Michael Jordan: A ‘Hard Cap’ Hypocrite?
"I can’t say so much … but I know the owners are not going to move off what we feel is very necessary for us to get a deal in place where we can co-exist as partners. We need a lot of financial support throughout the league as well as revenue sharing to keep this business afloat. Jordan said small-market teams would benefit greatly from a "hard" salary cap, and it would allow clubs such as Milwaukee to plan a future on key players including the Australian centre.
HoopsVibe’s Very Quick Call: It rings hollow.
Yesterday Bobcats owner Michael Jordan said have-not markets, like Charlotte, need a hard salary cap to compete with the have markets.
Jordan is right. If the NBA wants parity, they must level the playing field with an NFL style cap and revenue sharing.
This is one part of the story, though. Owners like Jordan need to think about how they’ve run their business, and can’t just tell players to sacrifice.
Can Jordan honestly say he’s done everything possible to manage the Bobcats responsibly?
The answer is no. It has to be.
Jordan, who also serves as the team’s head of basketball operations, signed off on or traded for several poor contracts.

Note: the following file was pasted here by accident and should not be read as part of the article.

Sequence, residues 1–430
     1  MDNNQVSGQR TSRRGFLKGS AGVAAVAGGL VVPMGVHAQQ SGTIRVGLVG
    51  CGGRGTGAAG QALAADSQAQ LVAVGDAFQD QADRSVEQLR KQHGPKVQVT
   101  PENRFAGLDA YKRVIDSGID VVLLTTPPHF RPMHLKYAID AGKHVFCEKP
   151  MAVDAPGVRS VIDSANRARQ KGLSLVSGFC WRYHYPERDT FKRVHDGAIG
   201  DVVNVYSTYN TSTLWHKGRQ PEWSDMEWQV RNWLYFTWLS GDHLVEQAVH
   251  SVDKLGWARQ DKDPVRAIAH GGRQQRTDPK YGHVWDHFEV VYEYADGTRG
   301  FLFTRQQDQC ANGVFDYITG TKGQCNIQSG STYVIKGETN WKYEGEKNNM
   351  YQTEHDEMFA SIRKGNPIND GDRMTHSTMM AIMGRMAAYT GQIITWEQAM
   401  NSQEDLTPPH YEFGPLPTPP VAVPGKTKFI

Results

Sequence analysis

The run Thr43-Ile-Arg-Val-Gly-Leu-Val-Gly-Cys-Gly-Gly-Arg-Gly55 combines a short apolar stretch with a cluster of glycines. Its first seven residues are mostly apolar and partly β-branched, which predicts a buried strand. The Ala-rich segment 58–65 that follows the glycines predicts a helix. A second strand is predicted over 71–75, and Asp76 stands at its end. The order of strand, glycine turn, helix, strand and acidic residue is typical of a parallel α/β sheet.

There are four albatrosses currently on the roster: Matt Carroll ($4 million per annum) , Boris Diaw ($8 million per annum), DeSagana Diop ($7 million per annum), and Corey Maggette ($10 million per annum).
Tyrus Thomas has yet to reach his potential, however, that didn’t prevent Jordan from handing him a 5-year, $40 million pact last summer.
Jordan also drafted Adam Morrison, who is out of the NBA, ahead of Rudy Gay, a terrific athlete and talented scorer for the Memphis Grizzlies.
Clearly, Jordan has overpaid players. This would be forgivable if he was working as hard as possible. This hasn’t been the case.
Before becoming majority owner, Jordan didn’t do nearly enough to manage the roster effectively or forge ties with local businesses and people.
He was often photographed partying at clubs … in Chicago, in Miami, in anywhere but Charlotte. He took time off to attend the Super Bowl.
There was little attempt to form partnerships with Charlotte area companies. And he wanted appearance fees for attending community events.
Word, of course, spread quickly. And Charlotte fans – who were burned before by the NBA and the Hornets – stayed away.
To be fair, things improved once Jordan bought majority control from former BET King Bob Johnson. He moved to Charlotte and put in the work.
Jordan still bears some blame for the Bobcats’ situation. He can’t ask the players to compromise on the new Collective Bargaining Agreement without being prepared to make further changes to how he runs his team.
Right now, his stance on the hard cap is hypocritical.
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